Sacred Heart Center, an advocate arm for Latino families in the region, prepared meals to keep thousands fed. It delivered groceries, offered homework help and conducted weekly Facebook briefings in Spanish on COVID-19 information. Latino community health workers partnered with nonprofit Casa de la Salud to remove barriers to medical access. Community clinics stepped up their testing capacity.
Still, they knew the need remained. How could one community do so much with so little?
In July, a Centers for Disease Control and Prevention team agreed. The federal agency identified alarmingly high rates in central Virginia’s Latino communities and pledged a swath of resources to support the region’s Latino-serving organizations.
A combination of individual donors, local and national foundations, and the CDC have raised $2.2 million since. Data from the CDC showed transmission in Richmond could be reduced by 86% if obstacles to quarantining were removed. Slowly, the infection rates began to drop.
“It’s not complete, but it’s hope,” Jackson said. “What we are doing right now is not just for us. It’s for the generation that is rising.”
The virus heightened insecurities surrounding immigration status and job availability, but “none of this is new for Latino families,” said Sarai Coba-Rodriguez, a sociologist at the University of Illinois at Chicago focused on Black and Latino families in low-income areas.
“What’s new is the disease. But everything else has been happening for many years,” said Coba-Rodriguez, referencing how communities have built this support from the ground up. “And families have been successful. They’ve been thriving, and they’ve been resilient. That’s what continues to happen. It’s just looking very different right now.”
In the absence of social support and schools being closed, families have relied on one another to survive, Coba-Rodriguez said. They’ve spent more time together, built deeper connections and helped one another cope.
That’s what the VDH’s Vidal has clung to nearly 600,000 COVID-19 cases later: lifting the pandemic loneliness alongside her daughter. They have slumped on the couch binge-watching Netflix shows and let the twang of bachata be the lasso to a time where Vidal could hug her mom and make her childhood kitchen a dance floor.
At Southwood, she had her other kids, whose birthdays she’s memorized and whose emotions she’s helped process with journaling and weekly groups. Blanca Martinez Vasquez, 15, is one of them. When there was nowhere left to go, she ran to Vidal.
On a recent drive to pick up a Panera order for Southwood clinic volunteers, Blanca described Vidal as a constant supporter who fought to get her into private school and planned a birthday surprise for Blanca’s mother when she forgot to.
As she watches them grow up in a pandemic, Vidal only wishes they could see what she sees — how they didn’t give up. How they let resilience win.
One year after everything shut down
The room, lined with clothing donations, paper hearts and brochures in Spanish detailing health care programs, would have been teeming with people had this been a regular year. Small “X’s” taped onto black chairs, indicating a 6-foot distance, were a reminder that it wasn’t. Not yet.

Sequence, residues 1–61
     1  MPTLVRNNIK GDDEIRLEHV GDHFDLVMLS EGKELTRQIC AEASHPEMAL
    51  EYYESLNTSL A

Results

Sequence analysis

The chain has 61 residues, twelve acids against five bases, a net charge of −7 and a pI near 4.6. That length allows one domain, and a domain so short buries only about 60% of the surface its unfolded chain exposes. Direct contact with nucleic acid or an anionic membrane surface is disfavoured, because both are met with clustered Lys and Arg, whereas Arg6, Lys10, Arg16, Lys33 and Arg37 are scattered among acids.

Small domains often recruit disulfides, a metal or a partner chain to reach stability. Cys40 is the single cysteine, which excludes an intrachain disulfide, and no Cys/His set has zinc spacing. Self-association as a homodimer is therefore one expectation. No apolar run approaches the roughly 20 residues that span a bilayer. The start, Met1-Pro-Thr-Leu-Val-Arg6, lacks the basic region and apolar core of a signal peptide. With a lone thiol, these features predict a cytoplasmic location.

But for a brief moment, the livelihood returned as Bob Jiggepps, 78, paced the lobby, carrying a gray Kohl’s bag that held his tax forms inside a portable filing box. He told Vidal his dreams of stepping foot into a church again, how he was freshly vaccinated and ready to take on what came his way. A recent sustained decline in cases and an uptick in vaccinations have teased a future where he can.
“And another thing, I am a chatterbox,” he continued.
“I got that impression,” Vidal joked. She’s one, too.
Jiggepps took pride in taking the first dose to keep the virus at bay, but Vidal said most Richmond-area Latinos aren’t rushing to get a shot.
“Why should I be their guinea pigs?” they ask Vidal, a reference to a deeply burrowed mistrust in a health care system that has experimented on and discriminated against immigrants and Latinos.
Statewide, Latinos account for less than 6% of vaccinations, a low percentage Jackson attributes to a 60-40 divide between hesitancy and barriers to access.
A vast decentralized effort across organizations, the VDH and localities is underway to curb myths and address concerns, but vaccines are still going to mostly white residents, said Rebecca Arboleda, a public health nurse at the Richmond City Health District who conducts vaccinations at the Arthur Ashe Center and mobile clinics.
Recently, she’s seen a slight uptick in Latinos showing up, a sign she hopes means a shift is coming.
On Thursday, Arboleda waited for her next appointment to arrive at the Southwood Resource Center, where she hosts family planning clinics twice a week.
She bantered with Vidal, who sat eyeing the door for walk-ins as she ate homemade pretzel bites, musing about how it’s been a year since everything changed and the center emptied out. Maybe soon, it would be safe again, she said.
Briefly, the last of the afternoon sun hit the wall behind her, pointing toward a Pablo Neruda quote hung above.
“Podrán cortar todas las flores, pero no podrán detener la primavera,” it said.
“You can cut all the flowers, but you cannot keep spring from coming.”